We are committed to creating a learning environment that provides students with a world class legal education while supporting broader development and wellbeing.
Getting your head around the style of teaching and learning at university and what is expected of you as a law student can take a bit of time. We have a range of resources to help with your transition:
Within Sydney Law School and across the University there are lots of opportunities for developing social and emotional skills as well as academic competencies. Taking some time to understand yourself, what’s important to you, and how to go about living a life you value, can have a powerful effect on wellbeing and motivation.
Below we have listed just a couple of examples of the opportunities available for broader skill development across the university:
Our Peer Mentoring Program will assist you in building social and academic networks through attending a range of events with the support of a senior student who acts as a mentor, and helps you settle in.
Mentors are usually senior students who work with a group of 5 to 10 mentees. We will try and match you with a mentor who is in a similar program of study (such as the LLB or JD).
The mentor will help you by:
How to join
You can join the Peer Mentoring Program at your orientation session. After the mini lectures, all students are invited to join a mentoring group. You will be taken on a tour of the Sydney Law School and have your first session with your mentor. There is no need to pre-register – just be there on the day.
If you miss the orientation session, come along to the Tug-of-War in Week 1. Introduce yourself to a mentor (who will be wearing a blue shirt with ‘Law Mentor’ printed on the back) and ask them any questions.
For more information about the program, email email@example.com.
Studying at university can be stressful, and studying law is no exception. Some aspects of studying law at university that can be stressful include:
When you are a student at the University of Sydney, you have a range of health, wellbeing and support services available to you. These include child care, counselling and mental health support, disability support and emergencies and safety on campus.
People develop and achieve with the right combination of challenge and support. If you’re struggling, then don’t feel like you have to face the challenges of university life alone.
Make an appointment to speak to one of the Counsellors at Counselling and Psychological Services (CAPS). The service is free for currently enrolled students, confidential (and in no way linked to your academic record), and located just across the footbridge over City Rd.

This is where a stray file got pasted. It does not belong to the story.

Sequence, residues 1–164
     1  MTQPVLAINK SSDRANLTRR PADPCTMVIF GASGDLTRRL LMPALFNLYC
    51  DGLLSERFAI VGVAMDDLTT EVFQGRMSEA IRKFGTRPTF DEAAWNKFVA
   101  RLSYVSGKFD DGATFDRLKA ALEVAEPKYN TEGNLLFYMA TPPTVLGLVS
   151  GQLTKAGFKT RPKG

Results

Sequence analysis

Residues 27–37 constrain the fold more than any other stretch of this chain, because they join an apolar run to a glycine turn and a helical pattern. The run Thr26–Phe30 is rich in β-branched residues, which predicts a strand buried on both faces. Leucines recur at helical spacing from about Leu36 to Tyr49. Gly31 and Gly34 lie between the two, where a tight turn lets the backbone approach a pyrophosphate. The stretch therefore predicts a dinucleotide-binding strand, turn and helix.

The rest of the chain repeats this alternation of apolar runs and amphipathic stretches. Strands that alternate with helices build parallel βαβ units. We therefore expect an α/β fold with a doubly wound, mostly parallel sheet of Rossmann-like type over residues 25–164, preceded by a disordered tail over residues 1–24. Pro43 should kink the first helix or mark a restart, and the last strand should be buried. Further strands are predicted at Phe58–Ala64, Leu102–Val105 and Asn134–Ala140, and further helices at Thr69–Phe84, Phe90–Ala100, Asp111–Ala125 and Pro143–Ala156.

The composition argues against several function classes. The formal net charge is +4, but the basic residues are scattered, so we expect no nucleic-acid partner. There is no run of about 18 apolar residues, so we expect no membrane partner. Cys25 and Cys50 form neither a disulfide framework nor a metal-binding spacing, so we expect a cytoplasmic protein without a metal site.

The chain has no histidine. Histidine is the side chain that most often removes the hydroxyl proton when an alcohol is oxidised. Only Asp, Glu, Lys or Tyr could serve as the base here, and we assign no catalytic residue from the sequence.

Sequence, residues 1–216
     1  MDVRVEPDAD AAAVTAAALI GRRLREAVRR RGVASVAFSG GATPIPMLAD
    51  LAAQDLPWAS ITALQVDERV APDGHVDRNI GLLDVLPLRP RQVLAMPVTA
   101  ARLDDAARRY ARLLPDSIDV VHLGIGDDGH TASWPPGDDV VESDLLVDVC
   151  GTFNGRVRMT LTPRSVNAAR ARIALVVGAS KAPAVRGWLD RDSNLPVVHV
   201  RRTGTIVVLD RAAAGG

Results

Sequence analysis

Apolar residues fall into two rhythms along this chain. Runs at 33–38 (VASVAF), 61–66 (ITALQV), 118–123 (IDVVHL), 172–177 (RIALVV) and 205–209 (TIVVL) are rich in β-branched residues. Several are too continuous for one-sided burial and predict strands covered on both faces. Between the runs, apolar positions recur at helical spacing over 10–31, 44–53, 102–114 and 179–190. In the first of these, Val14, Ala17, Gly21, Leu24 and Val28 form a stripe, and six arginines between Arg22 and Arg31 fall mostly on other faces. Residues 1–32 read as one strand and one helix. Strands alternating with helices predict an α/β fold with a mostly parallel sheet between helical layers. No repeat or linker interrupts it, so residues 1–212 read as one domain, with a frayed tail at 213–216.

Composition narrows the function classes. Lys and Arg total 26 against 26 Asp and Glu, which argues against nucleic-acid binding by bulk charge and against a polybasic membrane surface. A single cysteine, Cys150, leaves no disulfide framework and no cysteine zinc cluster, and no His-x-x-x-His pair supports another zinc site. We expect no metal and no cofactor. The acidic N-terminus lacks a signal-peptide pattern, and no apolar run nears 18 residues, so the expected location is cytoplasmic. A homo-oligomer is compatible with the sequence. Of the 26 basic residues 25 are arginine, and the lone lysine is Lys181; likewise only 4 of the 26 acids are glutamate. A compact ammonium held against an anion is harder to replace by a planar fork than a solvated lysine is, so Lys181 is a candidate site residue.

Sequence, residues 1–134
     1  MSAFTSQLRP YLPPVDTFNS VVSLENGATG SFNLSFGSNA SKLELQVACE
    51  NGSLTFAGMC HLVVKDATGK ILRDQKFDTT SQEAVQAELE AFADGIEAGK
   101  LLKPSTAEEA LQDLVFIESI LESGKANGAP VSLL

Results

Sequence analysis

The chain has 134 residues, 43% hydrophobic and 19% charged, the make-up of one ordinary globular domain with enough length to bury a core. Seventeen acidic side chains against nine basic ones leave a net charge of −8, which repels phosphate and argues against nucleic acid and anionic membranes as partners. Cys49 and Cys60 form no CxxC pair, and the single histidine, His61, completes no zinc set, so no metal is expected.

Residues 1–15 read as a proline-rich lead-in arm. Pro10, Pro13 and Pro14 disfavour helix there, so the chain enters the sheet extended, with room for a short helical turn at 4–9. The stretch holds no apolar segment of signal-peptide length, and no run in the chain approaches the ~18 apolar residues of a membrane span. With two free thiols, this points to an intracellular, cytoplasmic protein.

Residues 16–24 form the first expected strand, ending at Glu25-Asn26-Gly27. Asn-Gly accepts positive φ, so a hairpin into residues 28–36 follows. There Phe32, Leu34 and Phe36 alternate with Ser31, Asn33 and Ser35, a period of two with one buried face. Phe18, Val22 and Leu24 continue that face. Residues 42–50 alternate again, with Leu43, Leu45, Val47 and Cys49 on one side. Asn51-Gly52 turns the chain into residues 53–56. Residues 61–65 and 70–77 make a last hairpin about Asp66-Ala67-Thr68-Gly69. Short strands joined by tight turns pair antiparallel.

Our counsellors specialise in helping students build skills in order to manage the challenges that come with being a student (and a human)! Some things a CAPS counsellor will be able to help you with are managing worry, self-criticism and unrelenting high standards, low mood, relationships difficulties, strategies to help with ‘overthinking’, negative feeling, substance abuse, exam anxiety, procrastination, transitioning to university, loss and grief, and managing strong emotions.
Require immediate and urgent assistance? See the crisis and after hours contacts.
Experiencing a significant health concern? Contact the University Health Service or your local GP or medical centre.
The Sydney University Law Society (SULS) was formed in 1902. SULS assumed an important role in representing the interests and needs of students to the University, the Law School, the Union and the Student Representative Council (SRC). All law students are immediately members of SULS.
As well as arranging social events, mooting competitions and orientation activities for law students, the SULS also offers support for student learning and wellbeing including:
Founded in 2004, the Chinese Law Students Society (CLSS) is dedicated to enhancing the quality of student life at the university and providing its members with opportunities on a global scale.
The society aims to: